Please note that we have stopped the regular imports of Gene Expression Omnibus (GEO) data into ArrayExpress. This may not be the latest version of this experiment.
E-GEOD-5525 - Transcription profiling by array of Arabidopsis after exposure to various pathogens and insects
Released on 13 June 2008, last updated on 3 May 2014
Plant defenses against pathogens and insects are regulated differentially by cross-communicating signaling pathways in which salicylic acid (SA), jasmonic acid (JA) and ethylene (ET) play key roles. To understand how plants integrate pathogen- and insect-induced signals into specific defense responses, we monitored the dynamics of SA, JA, and ET signaling in Arabidopsis after attack by a set of microbial pathogens and herbivorous insects with different modes of attack. Arabidopsis plants were exposed to a pathogenic leaf bacterium (Pseudomonas syringae pv. tomato), a pathogenic leaf fungus (Alternaria brassicicola), tissue-chewing caterpillars (Pieris rapae), cell-content-feeding thrips (Frankliniella occidentalis), or phloem-feeding aphids (Myzus persicae). Monitoring the signal signature in each plant-attacker combination showed that the kinetics of SA, JA, and ET production varies greatly in both quantity and timing. Analysis of global gene expression profiles demonstrated that the signal signature characteristic of each Arabidopsis-attacker combination is orchestrated into a surprisingly complex set of transcriptional alterations in which, in all cases, stress-related genes are overrepresented. Comparison of the transcript profiles revealed that consistent changes induced by pathogens and insects with very different modes of attack can show considerable overlap. Of all consistent changes induced by A. brassicicola, P. rapae, and F. occidentalis, more than 50% were also induced consistently by P. syringae. Notably, although these four attackers all stimulated JA biosynthesis, the majority of the changes in JA-responsive gene expression were attacker-specific. All together our study shows that SA, JA, and ET play a primary role in the orchestration of the plant's defense response, but other regulatory mechanisms, such as pathway cross-talk or additional attacker-induced signals, eventually shape the highly complex attacker-specific defense response. In the experimental set up we intended to select for genes that showed a more than 2-fold change in the same direction(up or down)at two time points after pathogen or insect attack. The results are described in the following paper:; De Vos, M., Van Oosten, V.R., Van Poecke, R.M.P., Van Pelt, J.A., Pozo, M.J., Mueller, M.J., Buchala, A.J., Metraux, J.-P., Van Loon, L.C., Dicke, M. and Pieterse, C.M.J. (2005). Signal signature and transcriptome changes in Arabidopsis upon pathogen and insect attack. Molecular Plant-Microbe Interactions. Experimenter name = Corne Pieterse; Experimenter phone = +31 30 253 3013; Experimenter fax = +31 30 251 8366; Experimenter department = Section Phytopathology; Experimenter institute = Utrecht University; Experimenter address = Department of Biology; Experimenter address = Utrecht University; Experimenter address = Sorbonnelaan 16; Experimenter address = Utrecht; Experimenter zip/postal_code = 3584CA; Experimenter country = The Netherlands Experiment Overall Design: 14 samples were used in this experiment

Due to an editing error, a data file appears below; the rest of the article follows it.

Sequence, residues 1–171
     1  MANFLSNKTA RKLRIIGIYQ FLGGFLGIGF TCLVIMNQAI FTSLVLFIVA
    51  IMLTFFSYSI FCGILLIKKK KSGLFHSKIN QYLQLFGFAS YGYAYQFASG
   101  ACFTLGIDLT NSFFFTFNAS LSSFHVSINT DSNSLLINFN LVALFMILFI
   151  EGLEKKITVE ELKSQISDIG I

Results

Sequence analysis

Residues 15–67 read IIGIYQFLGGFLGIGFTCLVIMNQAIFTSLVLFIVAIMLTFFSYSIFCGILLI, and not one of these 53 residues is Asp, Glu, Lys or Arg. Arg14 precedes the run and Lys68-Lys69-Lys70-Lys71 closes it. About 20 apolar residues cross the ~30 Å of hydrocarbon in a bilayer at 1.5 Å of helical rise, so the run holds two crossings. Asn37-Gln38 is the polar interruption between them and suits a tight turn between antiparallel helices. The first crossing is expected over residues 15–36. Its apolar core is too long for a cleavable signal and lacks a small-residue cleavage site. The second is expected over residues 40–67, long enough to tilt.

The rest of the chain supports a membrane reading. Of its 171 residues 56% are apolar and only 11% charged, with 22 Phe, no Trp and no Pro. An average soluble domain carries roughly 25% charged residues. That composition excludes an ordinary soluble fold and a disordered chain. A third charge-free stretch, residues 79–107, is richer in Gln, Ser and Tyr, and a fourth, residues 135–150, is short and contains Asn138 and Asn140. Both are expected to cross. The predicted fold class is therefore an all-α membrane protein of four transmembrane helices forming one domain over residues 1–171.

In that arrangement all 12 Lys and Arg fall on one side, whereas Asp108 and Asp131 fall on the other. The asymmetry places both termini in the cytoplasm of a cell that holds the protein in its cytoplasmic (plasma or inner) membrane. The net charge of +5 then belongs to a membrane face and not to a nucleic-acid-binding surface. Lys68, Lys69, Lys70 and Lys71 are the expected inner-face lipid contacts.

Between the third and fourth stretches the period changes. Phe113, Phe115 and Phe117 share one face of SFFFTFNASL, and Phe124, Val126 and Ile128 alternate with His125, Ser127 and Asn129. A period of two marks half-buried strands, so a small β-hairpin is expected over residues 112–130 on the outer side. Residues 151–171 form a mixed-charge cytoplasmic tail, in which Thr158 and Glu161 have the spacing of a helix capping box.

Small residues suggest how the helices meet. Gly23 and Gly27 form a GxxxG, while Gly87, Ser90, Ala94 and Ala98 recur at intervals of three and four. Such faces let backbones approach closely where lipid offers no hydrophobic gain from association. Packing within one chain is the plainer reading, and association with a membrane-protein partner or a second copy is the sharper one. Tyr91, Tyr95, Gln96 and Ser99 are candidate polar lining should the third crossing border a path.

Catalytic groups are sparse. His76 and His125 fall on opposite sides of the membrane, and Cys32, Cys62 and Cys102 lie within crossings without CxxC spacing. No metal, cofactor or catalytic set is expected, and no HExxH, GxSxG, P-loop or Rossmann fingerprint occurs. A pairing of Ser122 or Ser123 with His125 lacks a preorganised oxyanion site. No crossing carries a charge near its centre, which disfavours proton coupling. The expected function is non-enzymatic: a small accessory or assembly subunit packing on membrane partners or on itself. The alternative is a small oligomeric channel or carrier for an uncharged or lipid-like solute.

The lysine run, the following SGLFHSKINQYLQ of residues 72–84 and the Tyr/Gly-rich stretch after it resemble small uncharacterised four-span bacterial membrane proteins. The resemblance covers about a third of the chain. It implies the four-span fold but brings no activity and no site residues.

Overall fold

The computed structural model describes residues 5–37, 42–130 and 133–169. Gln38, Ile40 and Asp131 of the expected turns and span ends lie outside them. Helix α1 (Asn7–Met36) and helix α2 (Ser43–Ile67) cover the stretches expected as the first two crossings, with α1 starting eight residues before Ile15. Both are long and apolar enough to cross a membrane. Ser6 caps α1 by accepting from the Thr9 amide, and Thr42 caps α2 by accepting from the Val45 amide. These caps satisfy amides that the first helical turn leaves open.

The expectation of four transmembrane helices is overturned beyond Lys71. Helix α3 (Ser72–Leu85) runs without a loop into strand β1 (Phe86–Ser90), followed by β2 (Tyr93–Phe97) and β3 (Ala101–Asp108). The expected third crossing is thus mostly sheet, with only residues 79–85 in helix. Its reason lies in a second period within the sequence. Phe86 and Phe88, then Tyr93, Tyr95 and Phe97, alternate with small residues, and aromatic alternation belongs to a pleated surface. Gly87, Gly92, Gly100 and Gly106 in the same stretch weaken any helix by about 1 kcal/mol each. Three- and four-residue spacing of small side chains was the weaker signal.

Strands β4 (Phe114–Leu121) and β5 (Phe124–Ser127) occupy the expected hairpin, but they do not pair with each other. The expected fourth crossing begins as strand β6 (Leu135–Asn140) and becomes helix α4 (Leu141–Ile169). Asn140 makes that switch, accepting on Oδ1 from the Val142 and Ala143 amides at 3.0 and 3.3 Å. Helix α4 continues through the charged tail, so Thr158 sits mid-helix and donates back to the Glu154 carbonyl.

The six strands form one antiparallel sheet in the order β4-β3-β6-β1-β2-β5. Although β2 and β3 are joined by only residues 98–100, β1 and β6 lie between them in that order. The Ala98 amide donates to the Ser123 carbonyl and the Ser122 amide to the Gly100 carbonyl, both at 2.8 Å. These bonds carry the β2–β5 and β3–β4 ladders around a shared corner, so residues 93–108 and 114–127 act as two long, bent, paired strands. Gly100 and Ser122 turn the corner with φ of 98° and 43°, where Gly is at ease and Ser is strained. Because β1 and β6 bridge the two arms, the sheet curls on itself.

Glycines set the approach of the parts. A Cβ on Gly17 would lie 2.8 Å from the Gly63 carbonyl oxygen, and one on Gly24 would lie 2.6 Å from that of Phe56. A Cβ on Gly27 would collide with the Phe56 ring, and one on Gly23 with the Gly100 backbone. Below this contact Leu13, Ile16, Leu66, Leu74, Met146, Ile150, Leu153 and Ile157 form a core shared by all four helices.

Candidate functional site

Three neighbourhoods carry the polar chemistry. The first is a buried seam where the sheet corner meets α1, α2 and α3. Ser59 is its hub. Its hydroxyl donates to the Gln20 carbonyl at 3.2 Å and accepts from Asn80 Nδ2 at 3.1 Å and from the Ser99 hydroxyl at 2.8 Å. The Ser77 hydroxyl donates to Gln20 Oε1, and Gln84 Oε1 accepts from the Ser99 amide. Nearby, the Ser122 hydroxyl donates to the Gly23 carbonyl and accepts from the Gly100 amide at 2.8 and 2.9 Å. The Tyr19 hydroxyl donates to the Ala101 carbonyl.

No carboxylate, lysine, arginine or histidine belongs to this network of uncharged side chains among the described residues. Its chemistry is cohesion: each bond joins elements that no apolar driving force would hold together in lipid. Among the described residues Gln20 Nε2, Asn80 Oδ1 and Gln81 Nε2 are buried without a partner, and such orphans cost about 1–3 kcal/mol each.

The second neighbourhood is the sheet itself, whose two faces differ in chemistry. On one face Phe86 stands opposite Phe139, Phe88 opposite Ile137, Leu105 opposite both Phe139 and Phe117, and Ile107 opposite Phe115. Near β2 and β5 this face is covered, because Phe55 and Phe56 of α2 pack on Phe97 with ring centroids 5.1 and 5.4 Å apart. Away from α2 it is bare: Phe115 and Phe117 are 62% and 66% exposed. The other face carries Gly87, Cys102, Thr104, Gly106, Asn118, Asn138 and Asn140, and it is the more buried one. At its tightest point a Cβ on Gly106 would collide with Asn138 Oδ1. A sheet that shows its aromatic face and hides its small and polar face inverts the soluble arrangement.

transcription profiling by array, unknown experiment type
Signal signature and transcriptome changes of Arabidopsis during pathogen and insect attack. Martin De Vos, Vivian R Van Oosten, Remco M P Van Poecke, Johan A Van Pelt, Maria J Pozo, Martin J Mueller, Antony J Buchala, Jean-Pierre Métraux, L C Van Loon, Marcel Dicke, Corné M J Pieterse. , PMID:16167763